In addition, the kind of thing you’re describing happens in dating constantly — usually because the party with more power or status can gain or demonstrate status by waiting or deferring.

    Chances are good, however, that the delay and uncertainty isn’t about you. Paul Graham covered this in Two Kinds of Judgment, which is worth reading.

    Comment by Jake Seliger — June 17, 2010 @ 10:11 PM

  5. You didn’t “almost get acquired.”

    Apple gets contacted by a lot of random yahoos who think they have the most brilliant idea on the planet, and can’t understand why Apple isn’t interested. Sounds like you’re one of them.

    And cc-ing Steve Jobs on all of that? I’m not surprised that they got annoyed by you so quickly.

    Comment by Dignan — June 17, 2010 @ 10:14 PM

    • Although I think the tone is way too strong, in principle I agree with Dignan. It was a valiant attempt: you put in hard work, made some progress, and have learned from it. You made it farther than most.

      However, you were probably one of many that had Apple’s attention just long enough to evaluate your product and their need. In your case it wasn’t a fit. That is not surprising giving the size of Apple and sheer volume of people trying to get in with them. It is nothing to feel anything but happy about. Keep working toward the next time and/or the next company!

      Also, it’s a good learning experience. I do agree with Dignan that including Steve was the wrong way to go. Steve oversees the biggest technology company on the planet! (check the market capitalization). He has more important things to deal with. That’s why he has employees: to delegate. Even then you received a response directly from him… again, you are in a very exclusive club.

      Realize your successes and buy yourself a beer: you made it farther than most! Excellent job! Dust yourself off and learn from your errors. Then keep working away and be ready for the next opportunity when it comes. The most important trait in successful people is persistence.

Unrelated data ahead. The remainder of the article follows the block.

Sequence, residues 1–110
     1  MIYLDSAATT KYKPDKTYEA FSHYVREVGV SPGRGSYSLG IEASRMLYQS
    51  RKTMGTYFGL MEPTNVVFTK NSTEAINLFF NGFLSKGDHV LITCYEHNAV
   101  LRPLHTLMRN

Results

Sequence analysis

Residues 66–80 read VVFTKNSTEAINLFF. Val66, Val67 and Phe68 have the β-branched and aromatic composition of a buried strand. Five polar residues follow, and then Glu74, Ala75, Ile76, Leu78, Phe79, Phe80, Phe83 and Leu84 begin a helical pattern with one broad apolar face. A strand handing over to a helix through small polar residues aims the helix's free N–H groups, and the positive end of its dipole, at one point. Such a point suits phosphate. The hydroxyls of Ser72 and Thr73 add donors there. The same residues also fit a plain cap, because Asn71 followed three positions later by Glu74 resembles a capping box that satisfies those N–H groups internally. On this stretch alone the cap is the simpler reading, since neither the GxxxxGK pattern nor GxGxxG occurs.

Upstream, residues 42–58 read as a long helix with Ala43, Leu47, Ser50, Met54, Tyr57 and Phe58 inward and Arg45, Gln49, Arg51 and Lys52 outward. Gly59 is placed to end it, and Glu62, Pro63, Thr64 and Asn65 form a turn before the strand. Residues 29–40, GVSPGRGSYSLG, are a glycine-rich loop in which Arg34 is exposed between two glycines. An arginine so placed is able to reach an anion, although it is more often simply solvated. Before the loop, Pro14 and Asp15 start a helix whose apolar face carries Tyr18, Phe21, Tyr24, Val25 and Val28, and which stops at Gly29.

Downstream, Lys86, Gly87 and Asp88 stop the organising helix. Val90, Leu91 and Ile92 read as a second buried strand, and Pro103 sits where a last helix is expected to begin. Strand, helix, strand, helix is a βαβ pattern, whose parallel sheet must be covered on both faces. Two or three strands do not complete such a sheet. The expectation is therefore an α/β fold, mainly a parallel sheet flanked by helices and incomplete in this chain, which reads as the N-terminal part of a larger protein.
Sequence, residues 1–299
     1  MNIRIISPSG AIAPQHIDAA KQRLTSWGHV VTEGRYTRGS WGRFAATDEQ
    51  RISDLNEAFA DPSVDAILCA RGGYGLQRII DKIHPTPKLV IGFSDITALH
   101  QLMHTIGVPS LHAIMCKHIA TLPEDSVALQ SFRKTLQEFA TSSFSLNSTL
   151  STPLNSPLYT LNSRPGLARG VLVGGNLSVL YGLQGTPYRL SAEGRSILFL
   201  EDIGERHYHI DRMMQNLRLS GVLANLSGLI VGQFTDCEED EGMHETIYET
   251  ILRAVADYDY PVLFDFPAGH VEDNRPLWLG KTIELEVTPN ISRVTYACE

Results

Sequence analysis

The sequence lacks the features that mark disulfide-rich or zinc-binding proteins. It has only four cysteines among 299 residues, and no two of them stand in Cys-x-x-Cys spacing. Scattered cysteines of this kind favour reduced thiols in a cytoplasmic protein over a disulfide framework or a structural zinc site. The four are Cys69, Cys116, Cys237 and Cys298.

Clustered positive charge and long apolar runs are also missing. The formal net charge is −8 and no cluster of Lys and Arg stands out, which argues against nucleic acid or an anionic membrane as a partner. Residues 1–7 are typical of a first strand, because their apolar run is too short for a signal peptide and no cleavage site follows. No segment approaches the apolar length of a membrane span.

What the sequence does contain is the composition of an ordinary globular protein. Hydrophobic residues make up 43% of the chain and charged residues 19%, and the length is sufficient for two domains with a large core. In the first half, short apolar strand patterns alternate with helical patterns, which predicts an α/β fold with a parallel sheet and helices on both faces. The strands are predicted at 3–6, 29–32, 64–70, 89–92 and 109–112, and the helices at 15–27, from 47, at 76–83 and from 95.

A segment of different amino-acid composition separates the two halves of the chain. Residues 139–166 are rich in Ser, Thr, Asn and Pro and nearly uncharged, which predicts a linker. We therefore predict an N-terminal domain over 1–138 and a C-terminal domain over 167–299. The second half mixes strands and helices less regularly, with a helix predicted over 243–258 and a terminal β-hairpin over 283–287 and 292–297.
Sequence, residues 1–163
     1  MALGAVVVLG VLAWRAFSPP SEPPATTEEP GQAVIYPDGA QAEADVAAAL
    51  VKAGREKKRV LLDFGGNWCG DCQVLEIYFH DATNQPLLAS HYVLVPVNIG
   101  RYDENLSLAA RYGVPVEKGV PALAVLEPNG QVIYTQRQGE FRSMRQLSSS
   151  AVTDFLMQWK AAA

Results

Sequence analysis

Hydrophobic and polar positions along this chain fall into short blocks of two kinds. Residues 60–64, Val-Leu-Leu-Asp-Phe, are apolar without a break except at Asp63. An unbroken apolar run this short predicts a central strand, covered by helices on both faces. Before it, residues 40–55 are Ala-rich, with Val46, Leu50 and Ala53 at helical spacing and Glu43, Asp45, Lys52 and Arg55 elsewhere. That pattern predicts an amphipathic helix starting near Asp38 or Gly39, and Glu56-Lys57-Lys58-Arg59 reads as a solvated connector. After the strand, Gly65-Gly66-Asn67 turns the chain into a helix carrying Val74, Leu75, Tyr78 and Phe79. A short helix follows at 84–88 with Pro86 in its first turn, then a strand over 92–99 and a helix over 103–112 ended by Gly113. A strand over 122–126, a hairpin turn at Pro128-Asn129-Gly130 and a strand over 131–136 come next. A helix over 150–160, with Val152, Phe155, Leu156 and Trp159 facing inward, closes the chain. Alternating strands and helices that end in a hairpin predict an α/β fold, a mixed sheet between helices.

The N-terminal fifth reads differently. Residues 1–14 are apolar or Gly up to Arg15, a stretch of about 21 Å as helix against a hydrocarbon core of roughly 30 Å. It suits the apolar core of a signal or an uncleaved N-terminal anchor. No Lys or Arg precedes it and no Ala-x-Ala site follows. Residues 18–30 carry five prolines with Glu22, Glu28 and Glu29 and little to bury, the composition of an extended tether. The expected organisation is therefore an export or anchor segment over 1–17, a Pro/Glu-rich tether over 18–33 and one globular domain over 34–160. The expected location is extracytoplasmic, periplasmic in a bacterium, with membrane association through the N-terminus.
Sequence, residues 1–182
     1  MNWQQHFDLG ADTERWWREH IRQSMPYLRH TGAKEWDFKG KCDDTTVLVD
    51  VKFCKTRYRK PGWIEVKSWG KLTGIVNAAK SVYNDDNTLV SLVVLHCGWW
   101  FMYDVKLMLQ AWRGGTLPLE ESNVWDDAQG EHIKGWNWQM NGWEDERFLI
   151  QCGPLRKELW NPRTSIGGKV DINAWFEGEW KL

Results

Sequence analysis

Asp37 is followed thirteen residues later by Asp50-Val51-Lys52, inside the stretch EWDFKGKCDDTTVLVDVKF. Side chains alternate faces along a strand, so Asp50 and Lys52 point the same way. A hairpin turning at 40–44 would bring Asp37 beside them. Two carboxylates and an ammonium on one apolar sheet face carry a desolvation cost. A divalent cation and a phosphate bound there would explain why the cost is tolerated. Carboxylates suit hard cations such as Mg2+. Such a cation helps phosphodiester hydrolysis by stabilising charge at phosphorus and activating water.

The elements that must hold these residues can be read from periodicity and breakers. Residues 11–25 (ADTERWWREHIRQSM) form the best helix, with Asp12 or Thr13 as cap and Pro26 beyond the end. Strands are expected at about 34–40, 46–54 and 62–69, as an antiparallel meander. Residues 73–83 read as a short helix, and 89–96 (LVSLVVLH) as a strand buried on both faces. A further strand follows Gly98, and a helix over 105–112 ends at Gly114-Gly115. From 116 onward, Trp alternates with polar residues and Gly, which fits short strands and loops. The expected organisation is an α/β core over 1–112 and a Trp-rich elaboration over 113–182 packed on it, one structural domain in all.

Comment by David Bishop — June 18, 2010 @ 2:59 PM

    • That’s not the point. I think the author made it clear that he was willing to take ‘no’ for an answer. Sounded like Apple was interested, and maybe there were evaluating several solutions in parallel. It was to their benefit to not show their hand ’til the end. It would have been more polite to be upfront with him, and not have strung him along. They made him feel small, and that’s not nice. Its acceptable in “business culture” because we feel we can’t do anything.
      Apple has a lot of excuses for doing such a thing, and surely tons of people will come to their defence. But how would Apple feel if someone did this to them. That’s the point.

      Comment by Sean — June 18, 2010 @ 4:12 PM

  6. My suspicion (and that’s all that it is) is that they were already working on a parallel project, got your results to see how well you’d done, and decided that they didn’t need you. It would have been nice if they had been upfront about it, and even nicer if they hadn’t strung you along for weeks.

    Comment by Len Feldman — June 17, 2010 @ 10:15 PM

  7. […] This post was mentioned on Twitter by Udo Szabo, fotious and hnquestions, Hacker News. Hacker News said: How I Almost Got Acquired By Apple And Then Snubbed: Comments: […]

    Pingback by Tweets that mention How I almost got acquired by Apple and then snubbed « iTunes Semantic Search Project Derailed By Apple -- — June 17, 2010 @ 10:39 PM

  8. People don’t get acquired.

    PS. Jobs is a douchebag and Apple as a company are assholes.

    Comment by Justin — June 17, 2010 @ 11:14 PM

  9. Does it feel good to get treated like this? No.

    Is it pretty much standard operating procedure? Yes.

    You may think you have something they want. And maybe you do.

    But they are the big dog and get tons of offers like this all the time. They can afford to treat you this way and so they do.

    It’s not personal. I don’t condone it, but it’s pretty much the way it is with just about every company on the planet.